Remember those 300-series Radeons HP leaked earlier this week? The PC giant named a bunch of unannounced graphics products in a press release about its new desktop and all-in-one systems. Specifications have now appeared on AMD's site, and they suggest that everything from the R9 380 on down is based on recycled silicon.
The specs come from the OEM section of AMD's site, so they describe products intended for PC makers like HP. There's no mention of 300-series Radeons on pages that contain consumer-oriented cards. Here's a sampling or the R7 and R9 offerings with some key specifications:
|R9 380||28-nm||1792||Up to 918MHz||Up to 4GB GDDR5||176GB/s||Yes|
|R9 370||28-nm||1024||Up to 975MHz||2GB/4GB GDDR5||179GB/s||No|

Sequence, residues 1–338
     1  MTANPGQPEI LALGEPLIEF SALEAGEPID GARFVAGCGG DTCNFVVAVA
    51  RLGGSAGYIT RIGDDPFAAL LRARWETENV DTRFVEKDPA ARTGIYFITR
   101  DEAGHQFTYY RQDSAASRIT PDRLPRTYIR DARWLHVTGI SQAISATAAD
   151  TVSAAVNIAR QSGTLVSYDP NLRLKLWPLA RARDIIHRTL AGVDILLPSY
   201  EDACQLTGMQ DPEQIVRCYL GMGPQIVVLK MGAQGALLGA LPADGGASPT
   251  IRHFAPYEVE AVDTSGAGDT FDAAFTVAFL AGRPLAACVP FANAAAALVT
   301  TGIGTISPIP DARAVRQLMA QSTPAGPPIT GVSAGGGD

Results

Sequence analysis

|R9 360||28-nm||768||Up to 1.05GHz||2GB GDDR5||104GB/s||Yes|
|R7 350||28-nm||384||Up to 1.05GHz||1GB/2GB GDDR5||72GB/s||No|
|R7 340||28-nm||384||Up to 780MHz||1GB/2GB GDDR5
or 2GB/4GB DDR3
The R9 380 has identical specs to the Tonga-powered R9 285, right down to its FreeSync support. The R9 360 also works with AMD's variable refresh tech, and based on the numbers, it appears to use the Bonaire GPU from the R7 260X. Between those two sits the R9 370, which is likely based on the Pitcairn chip from the R9 270 and HD 7800 series. That older GPU doesn't support FreeSync.
Variable refresh support is absent from the R7s shown above and from the ultra-low-end R5s that aren't worth listing. Everything is based on 28-nm fabrication, including the "new" mobile parts. Like the desktop stuff, the mobile Radeons look liked warmed-over versions of their predecessors.
Now, AMD does have something truly fresh waiting in the wings. The company confirmed today that a new desktop GPU is due this quarter with high-bandwidth memory, FreeSync support, and extra VR mojo. That product will probably fill out the high end of the 300 series. Thanks to TR regular SH SOTN for the tip.